Deanne Carlson is a sexuality expert who lives in Australia. She recently argued on the Australian Broadcasting Corporation that parents should ask their babies for consent before changing their diapers.
You can watch the full discussion here:
The chyron may inspire immediate scorn, but she's really getting into a deeper and necessary issue. Part of the culture of misogyny that has pervaded this country and every industry has been the idea that our bodies don't entirely belong to us, and this is especially true for women. In the interview, Carlson acknowledges that a baby can't respond, but argues that we should instill the idea that our children's bodies belong to them from a young age. While perhaps not the best example, it's a worthy cause.
This didn't stop people from talking about how ridiculous they thought it was:
She is fairly stupid though. Because the nappy has to be changed no matter how the baby reacts, so if they react negatively, the message they’ll receive is that their consent is irrelevant. By this woman’s own logic, that is - which is bad logic.— Ben Pobjie (@benpobjie) May 11, 2018
It even became a hot topic on Australian daytime news:
Others understood the point but thought the method was flawed:
sure but....i also understand the upset. this is a really bad way to make that point. babies can’t consent! period. telling people to ask consent before changing their baby is like a parody of the real argument.— Laci Green (@gogreen18) May 10, 2018
i think she wants to encourage a conversation about consent amongst kids, but has made a mockery of it by taking it to the extreme. babies can’t consent to anything. ever. they’re babies! their safety and survival needs are assumed. this is NOT a mainstream view of sex educators.— Laci Green (@gogreen18) May 10, 2018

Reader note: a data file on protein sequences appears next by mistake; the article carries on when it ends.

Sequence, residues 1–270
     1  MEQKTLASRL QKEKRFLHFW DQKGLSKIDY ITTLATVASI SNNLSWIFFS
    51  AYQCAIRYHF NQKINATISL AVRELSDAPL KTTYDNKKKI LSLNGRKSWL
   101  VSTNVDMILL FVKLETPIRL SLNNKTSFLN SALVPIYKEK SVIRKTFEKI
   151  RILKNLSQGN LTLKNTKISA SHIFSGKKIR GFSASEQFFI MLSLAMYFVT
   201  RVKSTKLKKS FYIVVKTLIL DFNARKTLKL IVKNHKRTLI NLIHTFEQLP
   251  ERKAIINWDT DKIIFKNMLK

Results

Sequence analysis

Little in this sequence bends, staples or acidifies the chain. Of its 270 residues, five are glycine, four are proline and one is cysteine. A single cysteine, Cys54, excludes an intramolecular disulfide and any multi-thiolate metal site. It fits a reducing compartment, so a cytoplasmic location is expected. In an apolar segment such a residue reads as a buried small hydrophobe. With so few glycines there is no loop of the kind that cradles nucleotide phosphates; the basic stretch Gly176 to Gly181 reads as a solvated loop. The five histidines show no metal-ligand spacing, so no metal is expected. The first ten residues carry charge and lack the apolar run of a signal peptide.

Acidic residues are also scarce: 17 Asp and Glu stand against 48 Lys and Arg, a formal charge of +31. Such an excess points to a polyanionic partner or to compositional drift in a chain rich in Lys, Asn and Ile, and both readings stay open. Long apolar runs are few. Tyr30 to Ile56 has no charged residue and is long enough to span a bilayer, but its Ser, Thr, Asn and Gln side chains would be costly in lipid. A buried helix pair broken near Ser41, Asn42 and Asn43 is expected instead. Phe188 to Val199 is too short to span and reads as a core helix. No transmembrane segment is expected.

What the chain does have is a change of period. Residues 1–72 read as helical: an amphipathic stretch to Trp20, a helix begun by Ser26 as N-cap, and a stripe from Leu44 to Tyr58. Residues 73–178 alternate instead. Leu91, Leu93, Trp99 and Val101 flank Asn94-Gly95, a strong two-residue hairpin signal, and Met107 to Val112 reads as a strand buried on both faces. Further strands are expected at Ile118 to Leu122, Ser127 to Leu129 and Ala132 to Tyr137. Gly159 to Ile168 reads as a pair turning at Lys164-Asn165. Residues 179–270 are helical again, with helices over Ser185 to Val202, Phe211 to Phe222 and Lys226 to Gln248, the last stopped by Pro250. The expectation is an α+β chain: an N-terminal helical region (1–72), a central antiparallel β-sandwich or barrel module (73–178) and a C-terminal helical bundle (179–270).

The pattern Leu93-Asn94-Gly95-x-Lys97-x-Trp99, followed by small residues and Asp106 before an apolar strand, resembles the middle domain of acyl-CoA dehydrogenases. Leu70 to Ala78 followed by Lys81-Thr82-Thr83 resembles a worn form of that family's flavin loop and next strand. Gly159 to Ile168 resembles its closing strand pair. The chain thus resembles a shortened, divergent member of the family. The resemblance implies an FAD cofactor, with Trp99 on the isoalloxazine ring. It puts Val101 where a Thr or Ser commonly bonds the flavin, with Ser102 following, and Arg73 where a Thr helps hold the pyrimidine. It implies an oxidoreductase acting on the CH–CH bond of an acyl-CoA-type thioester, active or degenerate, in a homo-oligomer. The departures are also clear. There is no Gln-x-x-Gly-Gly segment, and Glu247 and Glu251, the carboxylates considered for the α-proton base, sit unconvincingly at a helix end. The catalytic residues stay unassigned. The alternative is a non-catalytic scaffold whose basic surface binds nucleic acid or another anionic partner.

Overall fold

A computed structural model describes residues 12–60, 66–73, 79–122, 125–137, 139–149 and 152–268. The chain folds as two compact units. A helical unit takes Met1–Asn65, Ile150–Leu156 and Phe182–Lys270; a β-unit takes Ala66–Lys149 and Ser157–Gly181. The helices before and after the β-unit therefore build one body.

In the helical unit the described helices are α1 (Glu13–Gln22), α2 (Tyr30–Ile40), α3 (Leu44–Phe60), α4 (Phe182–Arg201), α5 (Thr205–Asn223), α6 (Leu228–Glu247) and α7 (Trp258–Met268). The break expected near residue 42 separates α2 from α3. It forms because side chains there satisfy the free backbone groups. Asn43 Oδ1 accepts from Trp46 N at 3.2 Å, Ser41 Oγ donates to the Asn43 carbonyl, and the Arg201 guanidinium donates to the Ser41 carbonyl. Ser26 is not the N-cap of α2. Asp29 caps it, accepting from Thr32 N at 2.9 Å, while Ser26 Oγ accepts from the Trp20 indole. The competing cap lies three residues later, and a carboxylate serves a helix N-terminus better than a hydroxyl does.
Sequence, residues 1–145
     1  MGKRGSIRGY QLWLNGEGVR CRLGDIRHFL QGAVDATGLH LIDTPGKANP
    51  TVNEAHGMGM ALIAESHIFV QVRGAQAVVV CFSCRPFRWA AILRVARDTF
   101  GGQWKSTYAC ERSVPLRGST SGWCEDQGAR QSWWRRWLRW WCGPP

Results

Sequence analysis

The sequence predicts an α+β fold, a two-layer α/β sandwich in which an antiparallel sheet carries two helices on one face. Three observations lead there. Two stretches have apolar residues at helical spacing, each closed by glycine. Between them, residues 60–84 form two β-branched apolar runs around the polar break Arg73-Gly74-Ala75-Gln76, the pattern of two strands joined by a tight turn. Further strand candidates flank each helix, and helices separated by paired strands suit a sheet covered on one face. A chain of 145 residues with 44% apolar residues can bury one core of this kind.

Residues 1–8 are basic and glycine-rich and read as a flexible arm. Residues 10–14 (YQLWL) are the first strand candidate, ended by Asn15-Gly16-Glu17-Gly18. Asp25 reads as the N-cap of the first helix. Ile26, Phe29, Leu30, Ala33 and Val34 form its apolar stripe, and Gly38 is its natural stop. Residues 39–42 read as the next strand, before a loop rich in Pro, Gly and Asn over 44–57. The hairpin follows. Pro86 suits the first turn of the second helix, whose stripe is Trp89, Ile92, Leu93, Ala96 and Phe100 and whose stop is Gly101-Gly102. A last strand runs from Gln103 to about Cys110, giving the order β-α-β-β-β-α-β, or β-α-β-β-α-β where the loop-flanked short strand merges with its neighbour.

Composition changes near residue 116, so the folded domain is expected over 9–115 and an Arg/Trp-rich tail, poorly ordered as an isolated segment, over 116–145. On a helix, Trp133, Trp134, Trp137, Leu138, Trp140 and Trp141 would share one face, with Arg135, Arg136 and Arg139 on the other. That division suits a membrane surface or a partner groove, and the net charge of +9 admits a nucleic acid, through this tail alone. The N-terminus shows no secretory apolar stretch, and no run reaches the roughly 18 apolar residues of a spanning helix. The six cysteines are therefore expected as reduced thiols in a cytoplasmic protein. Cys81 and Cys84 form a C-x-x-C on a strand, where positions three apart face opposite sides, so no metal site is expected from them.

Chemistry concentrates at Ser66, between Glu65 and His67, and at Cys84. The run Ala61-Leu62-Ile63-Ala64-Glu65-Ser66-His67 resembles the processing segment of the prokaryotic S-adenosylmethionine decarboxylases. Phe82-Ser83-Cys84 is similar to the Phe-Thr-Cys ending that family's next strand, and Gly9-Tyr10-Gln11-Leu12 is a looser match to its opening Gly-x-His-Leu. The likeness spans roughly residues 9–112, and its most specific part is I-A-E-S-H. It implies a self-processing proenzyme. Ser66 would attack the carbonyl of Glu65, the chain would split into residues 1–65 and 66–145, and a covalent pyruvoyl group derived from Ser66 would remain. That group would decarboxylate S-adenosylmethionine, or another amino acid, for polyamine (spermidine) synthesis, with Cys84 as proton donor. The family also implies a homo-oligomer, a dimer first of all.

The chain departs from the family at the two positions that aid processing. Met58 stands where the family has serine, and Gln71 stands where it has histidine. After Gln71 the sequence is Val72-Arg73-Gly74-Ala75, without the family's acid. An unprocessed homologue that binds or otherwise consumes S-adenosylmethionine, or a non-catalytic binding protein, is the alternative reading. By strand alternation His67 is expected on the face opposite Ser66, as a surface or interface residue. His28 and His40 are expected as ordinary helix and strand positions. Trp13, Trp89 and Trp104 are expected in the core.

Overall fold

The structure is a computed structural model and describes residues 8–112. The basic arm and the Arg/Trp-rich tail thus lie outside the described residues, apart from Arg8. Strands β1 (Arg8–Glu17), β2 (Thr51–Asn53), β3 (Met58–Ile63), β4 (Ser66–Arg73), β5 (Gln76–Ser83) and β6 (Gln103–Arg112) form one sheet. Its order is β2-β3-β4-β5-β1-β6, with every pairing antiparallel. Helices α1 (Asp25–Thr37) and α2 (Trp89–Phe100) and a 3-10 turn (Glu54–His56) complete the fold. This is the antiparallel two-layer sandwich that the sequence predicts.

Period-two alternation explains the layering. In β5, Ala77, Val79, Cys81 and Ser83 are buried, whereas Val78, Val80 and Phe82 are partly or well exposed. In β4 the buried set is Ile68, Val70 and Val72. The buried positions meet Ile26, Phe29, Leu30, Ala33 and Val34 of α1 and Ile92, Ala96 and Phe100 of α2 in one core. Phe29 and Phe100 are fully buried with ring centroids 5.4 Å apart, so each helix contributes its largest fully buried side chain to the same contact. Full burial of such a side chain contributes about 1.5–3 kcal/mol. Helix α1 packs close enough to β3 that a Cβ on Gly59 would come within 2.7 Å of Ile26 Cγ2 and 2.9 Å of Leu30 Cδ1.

I see her point. But I’m not sure it actually helps parents with this idea if you train them to just ask in a rote way and yet do what they were going to anyway regardless of the response. Put the focus on areas of consent that are truly possible and meaningful.— R. Mowat (@robinmowat) May 10, 2018
Some people, however, got what she was saying:
I think it's a bad example she's used for sure, especially as it is so easy to mock. But as far as I can tell what she's saying's not as dumb as it first appears.— Nick Names Nuts (@nicknamesnuts) May 11, 2018
Saw this.— Nick Names Nuts (@nicknamesnuts) May 11, 2018
First reaction: Nappy consent. What?
Second thought: Oh, people are calling it left lunacy.
Third thought: She's really just talking about how one might start conversations about consent early on in life.
Fourth thought: We all need to take a breath before reacting. pic.twitter.com/T2CeFj915W
Perhaps she could have chosen a better way to instill the value of consent early in life, but the idea is still important.